Now there can be no doubt Kampman is uneasy about his transition to a new position after seven standout seasons.
Coach Mike McCarthy admitted as much after practice.
"I think there's always hesitancy when you're asked to do something different," McCarthy said. "Aaron was very comfortable in the old scheme."
During the first public practice since the scheme switch, Kampman stood up in a two-point stance most of the time and was asked primarily to rush up the field.
The few drops into coverage Kampman was asked to do, he looked very awkward and stiff.
Just like at the rookie camp, McCarthy again tried to publicly sell Kampman on the switch.
"I don't want to be redundant but I think this defense is going to help Aaron Kampman," McCarthy said. "I think this is going to create more opportunity for him, the diversity of the scheme. First and second downs are clearly different for him. The sub packages, there's some multiplicity there that I think will also help him. I think he moves well in space. He's spent a lot of time with (outside linebackers coach) Kevin Greene. I know Dom and Kevin feel very good about where Aaron is today and he's only going to get better."
Now, some have already tried to reassure the crowd that this is all way overblown and Bedard is overreacting just a bit. And, certainly, there is some truth to that. Face it...we don't know what is being said behind closed doors, and the silence makes us often assume the worst before we assume the best. And this is just the very beginning of the OTA's, a far cry from even the beginning of training camp, much less the preseason.
But I wrote not too long ago about some of the misgivings a 30 year-old defensive lineman might have in facing such a monumental change late in his career (and in a contract year, no less). Kampman has reached the age where he is no longer worrying about bling and wheels (not that I think he ever did), but is likely realizing the mortality of his football career. This is the time to finish strong and secure himself and his family financially.
The thought of Kampman moving awkwardly and stiffly in his new position gives me pause. Kampman is a great player, an even better person, and one of the hardest workers in the game. But if you look at his career, it took him time to grow into his position. He started out as a fill-in along the line for his first two seasons, before earning a starting spot. He gradually improved from being a serviceable starter to a solid playmaker, but it has been a process. There was no huge splash or "the light coming on" for Aaron Kampman. He worked for everything he has accomplished.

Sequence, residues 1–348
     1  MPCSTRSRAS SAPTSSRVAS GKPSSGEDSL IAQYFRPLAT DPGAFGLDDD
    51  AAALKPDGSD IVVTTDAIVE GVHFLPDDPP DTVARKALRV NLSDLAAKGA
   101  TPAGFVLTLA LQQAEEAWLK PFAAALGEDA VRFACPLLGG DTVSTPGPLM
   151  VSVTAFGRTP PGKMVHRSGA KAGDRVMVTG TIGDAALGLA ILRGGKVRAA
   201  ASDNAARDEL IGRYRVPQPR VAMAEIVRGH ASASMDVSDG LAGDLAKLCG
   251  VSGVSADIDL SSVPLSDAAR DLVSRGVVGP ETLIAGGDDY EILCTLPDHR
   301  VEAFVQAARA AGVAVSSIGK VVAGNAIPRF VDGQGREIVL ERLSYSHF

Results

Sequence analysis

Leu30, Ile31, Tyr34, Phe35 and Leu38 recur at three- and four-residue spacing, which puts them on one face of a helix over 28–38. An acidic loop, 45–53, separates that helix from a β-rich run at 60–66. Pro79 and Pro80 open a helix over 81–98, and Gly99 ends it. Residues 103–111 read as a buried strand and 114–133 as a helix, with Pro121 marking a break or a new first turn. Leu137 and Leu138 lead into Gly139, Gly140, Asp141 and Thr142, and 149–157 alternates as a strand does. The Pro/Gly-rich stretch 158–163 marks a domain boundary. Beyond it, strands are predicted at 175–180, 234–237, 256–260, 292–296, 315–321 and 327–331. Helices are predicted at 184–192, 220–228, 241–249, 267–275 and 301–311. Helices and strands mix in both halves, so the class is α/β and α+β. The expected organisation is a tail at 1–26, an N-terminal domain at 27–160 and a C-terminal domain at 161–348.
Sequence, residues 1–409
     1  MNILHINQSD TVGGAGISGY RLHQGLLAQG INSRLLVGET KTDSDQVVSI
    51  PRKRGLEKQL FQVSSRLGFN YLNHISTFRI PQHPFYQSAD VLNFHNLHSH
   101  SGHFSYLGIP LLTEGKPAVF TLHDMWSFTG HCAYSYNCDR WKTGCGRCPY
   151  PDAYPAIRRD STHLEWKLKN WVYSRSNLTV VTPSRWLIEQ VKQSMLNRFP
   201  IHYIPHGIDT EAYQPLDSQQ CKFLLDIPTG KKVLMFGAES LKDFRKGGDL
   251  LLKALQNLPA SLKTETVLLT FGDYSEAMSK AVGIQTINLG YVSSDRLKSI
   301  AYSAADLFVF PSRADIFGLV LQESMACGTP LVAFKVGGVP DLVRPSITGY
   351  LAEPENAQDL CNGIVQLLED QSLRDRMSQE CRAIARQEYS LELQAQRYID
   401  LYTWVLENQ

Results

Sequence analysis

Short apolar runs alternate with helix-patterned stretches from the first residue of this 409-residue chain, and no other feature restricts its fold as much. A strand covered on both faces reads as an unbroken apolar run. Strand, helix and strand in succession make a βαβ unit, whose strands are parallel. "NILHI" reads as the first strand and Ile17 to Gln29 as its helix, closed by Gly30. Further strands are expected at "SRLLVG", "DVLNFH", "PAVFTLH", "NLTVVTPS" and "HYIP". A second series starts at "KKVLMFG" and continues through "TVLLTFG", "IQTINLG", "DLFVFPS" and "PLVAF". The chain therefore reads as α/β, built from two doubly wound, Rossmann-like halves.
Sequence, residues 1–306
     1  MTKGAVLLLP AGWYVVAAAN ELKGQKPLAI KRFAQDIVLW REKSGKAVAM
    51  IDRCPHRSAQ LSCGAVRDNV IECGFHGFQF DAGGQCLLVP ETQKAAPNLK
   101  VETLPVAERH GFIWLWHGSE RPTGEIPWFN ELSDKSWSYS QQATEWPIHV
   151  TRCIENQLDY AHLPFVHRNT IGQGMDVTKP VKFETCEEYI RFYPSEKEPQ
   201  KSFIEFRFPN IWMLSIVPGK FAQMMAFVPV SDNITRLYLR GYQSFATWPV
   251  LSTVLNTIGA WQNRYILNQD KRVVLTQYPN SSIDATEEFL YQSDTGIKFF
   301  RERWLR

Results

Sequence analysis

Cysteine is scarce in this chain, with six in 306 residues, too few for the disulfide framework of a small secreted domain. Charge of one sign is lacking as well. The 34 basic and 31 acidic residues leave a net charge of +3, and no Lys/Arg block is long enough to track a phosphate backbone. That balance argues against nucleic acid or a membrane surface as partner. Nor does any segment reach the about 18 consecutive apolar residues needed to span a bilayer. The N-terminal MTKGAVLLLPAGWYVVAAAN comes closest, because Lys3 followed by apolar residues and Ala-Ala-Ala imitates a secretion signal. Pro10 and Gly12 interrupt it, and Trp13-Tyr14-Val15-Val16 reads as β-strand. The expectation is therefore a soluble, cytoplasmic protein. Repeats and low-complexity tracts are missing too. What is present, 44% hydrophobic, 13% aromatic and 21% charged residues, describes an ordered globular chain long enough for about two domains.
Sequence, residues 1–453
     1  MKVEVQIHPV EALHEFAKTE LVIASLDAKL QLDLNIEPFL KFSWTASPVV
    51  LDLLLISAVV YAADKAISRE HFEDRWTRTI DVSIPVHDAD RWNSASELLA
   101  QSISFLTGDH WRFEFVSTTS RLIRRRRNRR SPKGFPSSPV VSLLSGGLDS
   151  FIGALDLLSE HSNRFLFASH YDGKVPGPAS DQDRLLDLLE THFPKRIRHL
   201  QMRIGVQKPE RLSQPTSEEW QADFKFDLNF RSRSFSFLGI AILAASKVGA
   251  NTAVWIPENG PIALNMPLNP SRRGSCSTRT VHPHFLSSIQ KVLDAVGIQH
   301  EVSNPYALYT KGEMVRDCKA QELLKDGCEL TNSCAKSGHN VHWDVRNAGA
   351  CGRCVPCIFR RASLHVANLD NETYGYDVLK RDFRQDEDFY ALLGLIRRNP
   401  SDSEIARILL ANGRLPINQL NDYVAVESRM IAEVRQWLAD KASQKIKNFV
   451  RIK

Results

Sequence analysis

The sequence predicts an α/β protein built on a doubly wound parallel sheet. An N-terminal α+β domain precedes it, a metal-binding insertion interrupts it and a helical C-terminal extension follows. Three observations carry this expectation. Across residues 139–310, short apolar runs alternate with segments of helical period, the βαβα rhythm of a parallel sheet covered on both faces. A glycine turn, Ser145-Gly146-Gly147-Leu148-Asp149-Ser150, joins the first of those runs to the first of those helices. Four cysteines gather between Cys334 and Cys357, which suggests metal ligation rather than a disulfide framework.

Which is what makes such a move difficult for a player like Kampman, who might be the kind of guy who needs to work to make himself better, instead of simply being a great natural athlete that can adjust quickly.
Do I think that this is a DEFCON 1 situation? No. Even DEFCON 3? I don't think so, but I think we are securely in DEFCON 4. This is concerning because you don't want one of your veteran team leaders setting a tone of silence in what should be a very positive atmosphere of change and improvement.
I've said it myself: the goal is to take the scheme and make it work with the talent that you have, not to try and stick square pegs in round holes. Dom Capers is likely going to try and make that defense work around Kampman as much as he can...but that is the key. How much can you work with a guy who is too small to play the DE position in the 3-4 and too stiff and slow to play the OLB position? Sure, we can incorporate hybrid schemes, allowing Kampman to come in and play on a four-man front, but that's not going to be every down.
If Kampman does struggle to fit, is he going to be happy in a part-time role? In a contract year? At this point in his career?
The key in this whole she-bang (and what we aren't going to end up seeing from the outside) is communication. We don't know if Kampman has aired concerns to MM and TT, and we don't know if they are entertaining the idea of keeping him or moving him. But as Capers and McCarthy divine more observations and evaluations of how Kampman is going to fit, it's going to be imperative that those lines of communication are open.
If all ends up going fine, I have no concerns that communication will be fantastic between all parties. It is when there are issues and doubts that communication could break down. Ted Thompson has never been a fast mover, particularly when it comes to potentially distracting personality conflicts (Sherman in 2005, Favre last summer). It's one thing to take your time negotiating a contract...it's another thing to be passive when your subordinate feels they aren't being respected or are upset and hurt.
Feelings like that don't extinct easily. And the more they are ignored, the more the intensify.
So, while I don't think we are anywhere near panic mode yet, this is a situation that I think should be handled prudently, professionally, and respectfully by all parties. And, with appropriate haste.